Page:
Tuesday we scattered to the pool behind the big house or the athletic courts just off the beach but I walked west, out of the gated community our house was in and down the road that lies between the Atlantic and the Sound.
It was the hour before sunset and the heat had lifted but I bought an over-priced ice cream from the shop on the boardwalk anyway, walked slowly with it along the walkway that runs along the Sound. Birds skimmed over the water’s surface and two settled on the edge of a huge nest on a pole out into the water, open screaming mouths rising from its center.
The sun slipped lower into a bank of storm clouds, gold spilling out between rifts and lighting a path along the water.
And seagulls screamed somewhere I couldn’t see and the wind blew and the water ran up against the pilings and the dirt banks with constant sound and movement and I tasted salt with the sweet of ice cream on my lips and at the same time the wind rustled the pine trees overhead.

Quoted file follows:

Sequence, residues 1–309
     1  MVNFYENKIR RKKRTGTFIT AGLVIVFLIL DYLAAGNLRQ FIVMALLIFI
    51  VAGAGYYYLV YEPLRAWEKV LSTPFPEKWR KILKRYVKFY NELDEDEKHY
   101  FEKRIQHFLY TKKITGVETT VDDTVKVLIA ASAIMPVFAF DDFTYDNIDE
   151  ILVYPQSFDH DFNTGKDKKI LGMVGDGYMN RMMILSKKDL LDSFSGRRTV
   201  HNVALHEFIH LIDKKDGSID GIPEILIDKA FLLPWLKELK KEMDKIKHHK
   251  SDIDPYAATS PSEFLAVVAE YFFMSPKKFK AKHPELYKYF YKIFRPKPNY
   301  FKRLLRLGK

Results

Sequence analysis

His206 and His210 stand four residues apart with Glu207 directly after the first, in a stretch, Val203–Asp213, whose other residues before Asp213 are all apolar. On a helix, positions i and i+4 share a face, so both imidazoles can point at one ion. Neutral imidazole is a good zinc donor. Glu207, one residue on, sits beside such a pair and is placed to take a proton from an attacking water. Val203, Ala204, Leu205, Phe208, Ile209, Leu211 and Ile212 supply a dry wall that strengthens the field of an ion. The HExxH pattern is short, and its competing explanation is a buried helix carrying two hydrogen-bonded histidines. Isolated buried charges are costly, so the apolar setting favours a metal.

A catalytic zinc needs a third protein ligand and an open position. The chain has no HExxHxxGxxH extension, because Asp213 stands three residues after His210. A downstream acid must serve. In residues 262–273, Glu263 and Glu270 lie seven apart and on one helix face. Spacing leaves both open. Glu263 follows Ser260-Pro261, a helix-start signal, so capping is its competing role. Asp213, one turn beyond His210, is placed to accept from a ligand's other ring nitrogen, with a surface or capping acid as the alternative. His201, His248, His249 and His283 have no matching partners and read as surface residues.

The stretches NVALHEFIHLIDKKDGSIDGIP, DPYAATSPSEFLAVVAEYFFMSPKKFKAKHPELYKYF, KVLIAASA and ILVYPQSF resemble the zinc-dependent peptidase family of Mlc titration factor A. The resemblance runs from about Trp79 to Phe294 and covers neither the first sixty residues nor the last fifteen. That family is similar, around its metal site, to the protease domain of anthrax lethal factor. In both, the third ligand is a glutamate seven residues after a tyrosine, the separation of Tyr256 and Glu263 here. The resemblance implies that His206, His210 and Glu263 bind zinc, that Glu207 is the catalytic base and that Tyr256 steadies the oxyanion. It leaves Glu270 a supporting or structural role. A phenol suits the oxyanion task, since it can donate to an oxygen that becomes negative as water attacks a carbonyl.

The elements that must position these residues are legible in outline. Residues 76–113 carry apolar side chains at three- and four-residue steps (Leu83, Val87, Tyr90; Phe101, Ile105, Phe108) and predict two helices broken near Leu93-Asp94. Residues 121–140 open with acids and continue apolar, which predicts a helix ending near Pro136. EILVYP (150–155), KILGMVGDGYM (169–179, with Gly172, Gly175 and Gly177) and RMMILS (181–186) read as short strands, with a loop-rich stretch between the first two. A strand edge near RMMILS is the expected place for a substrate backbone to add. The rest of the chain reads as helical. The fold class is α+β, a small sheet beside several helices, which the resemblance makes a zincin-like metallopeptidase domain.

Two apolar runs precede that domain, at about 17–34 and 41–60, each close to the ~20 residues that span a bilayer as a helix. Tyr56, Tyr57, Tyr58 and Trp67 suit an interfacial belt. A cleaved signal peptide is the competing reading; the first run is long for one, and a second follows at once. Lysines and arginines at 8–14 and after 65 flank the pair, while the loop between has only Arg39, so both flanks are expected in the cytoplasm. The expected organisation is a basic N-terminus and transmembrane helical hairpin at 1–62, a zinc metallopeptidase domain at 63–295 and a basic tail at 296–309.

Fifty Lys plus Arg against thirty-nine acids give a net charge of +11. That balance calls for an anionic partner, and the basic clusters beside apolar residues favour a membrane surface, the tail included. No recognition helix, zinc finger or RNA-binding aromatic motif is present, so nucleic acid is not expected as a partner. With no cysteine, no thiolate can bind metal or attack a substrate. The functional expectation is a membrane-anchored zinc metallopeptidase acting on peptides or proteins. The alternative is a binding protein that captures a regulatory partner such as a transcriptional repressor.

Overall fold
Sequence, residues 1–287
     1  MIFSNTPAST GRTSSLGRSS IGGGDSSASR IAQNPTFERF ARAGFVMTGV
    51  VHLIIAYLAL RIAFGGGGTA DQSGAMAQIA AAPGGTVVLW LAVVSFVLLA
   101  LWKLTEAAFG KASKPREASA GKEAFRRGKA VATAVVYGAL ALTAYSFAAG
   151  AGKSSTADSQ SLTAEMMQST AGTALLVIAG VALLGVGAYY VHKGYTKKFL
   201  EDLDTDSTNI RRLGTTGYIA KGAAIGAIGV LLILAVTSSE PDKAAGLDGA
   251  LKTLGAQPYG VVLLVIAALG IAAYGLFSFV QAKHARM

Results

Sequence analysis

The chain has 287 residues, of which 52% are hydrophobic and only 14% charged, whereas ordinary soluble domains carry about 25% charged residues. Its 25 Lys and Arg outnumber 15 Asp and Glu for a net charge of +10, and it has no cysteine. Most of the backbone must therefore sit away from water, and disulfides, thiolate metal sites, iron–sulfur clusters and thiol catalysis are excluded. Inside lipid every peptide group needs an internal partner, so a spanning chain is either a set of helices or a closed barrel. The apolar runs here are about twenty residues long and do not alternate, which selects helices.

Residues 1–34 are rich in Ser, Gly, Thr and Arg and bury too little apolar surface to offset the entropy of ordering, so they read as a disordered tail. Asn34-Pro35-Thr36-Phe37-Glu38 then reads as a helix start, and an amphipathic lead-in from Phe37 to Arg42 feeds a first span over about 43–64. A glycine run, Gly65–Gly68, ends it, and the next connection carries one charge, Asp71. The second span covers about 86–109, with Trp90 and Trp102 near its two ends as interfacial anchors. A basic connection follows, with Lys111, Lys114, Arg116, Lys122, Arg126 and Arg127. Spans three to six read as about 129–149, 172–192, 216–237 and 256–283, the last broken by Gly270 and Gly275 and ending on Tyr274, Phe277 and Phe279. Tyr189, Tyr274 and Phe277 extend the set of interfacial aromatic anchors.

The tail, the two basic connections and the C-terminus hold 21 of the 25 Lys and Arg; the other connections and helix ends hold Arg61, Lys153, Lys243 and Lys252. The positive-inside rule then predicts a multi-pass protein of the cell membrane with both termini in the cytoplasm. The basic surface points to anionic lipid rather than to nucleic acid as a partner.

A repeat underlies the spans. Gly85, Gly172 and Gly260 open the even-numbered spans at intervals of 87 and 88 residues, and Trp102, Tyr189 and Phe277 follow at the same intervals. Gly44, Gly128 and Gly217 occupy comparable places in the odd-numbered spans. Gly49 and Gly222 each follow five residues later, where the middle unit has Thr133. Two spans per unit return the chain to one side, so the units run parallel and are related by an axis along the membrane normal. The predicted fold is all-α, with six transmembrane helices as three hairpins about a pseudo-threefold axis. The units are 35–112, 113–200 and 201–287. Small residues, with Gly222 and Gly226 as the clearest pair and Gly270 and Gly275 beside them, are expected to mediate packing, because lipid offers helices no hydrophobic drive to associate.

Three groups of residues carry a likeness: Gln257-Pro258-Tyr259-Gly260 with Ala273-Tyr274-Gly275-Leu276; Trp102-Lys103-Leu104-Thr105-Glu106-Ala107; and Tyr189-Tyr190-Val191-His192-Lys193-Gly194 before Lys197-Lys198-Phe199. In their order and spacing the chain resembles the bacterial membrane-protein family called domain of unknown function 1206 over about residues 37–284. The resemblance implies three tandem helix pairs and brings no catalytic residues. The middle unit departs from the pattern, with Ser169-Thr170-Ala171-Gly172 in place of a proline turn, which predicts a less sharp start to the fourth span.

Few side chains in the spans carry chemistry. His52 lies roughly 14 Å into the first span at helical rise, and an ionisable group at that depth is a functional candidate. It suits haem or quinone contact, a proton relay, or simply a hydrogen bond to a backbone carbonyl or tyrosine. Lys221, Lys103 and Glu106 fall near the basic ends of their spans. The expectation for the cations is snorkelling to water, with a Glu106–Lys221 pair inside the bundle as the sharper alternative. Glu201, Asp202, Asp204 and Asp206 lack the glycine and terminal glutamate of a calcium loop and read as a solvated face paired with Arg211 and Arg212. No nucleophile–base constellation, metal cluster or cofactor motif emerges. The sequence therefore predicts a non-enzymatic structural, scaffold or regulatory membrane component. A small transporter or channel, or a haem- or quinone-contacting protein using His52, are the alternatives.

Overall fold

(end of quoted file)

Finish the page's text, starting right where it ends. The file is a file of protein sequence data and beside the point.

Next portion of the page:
I don’t associate pine trees with salt air. But maybe that’s what makes the Outer Banks some place different, worth visiting.
For a week we stayed there, in a big house close to the ocean, baking on the sand or splashing in the pool or eating too much ice cream. We stayed up too late and slept in long after the day began; played hide-and-go-seek on a rainy day and watched NBA playoffs as darkness fell.
We wandered up the dune at Kitty Hawk where the Wright brothers proved flight was possible, and took refuge from a sudden downpour inside the gift-shop museum.
For a week we forgot about deadlines, and work and school, and a house that needs so much effort this summer.
And it was good.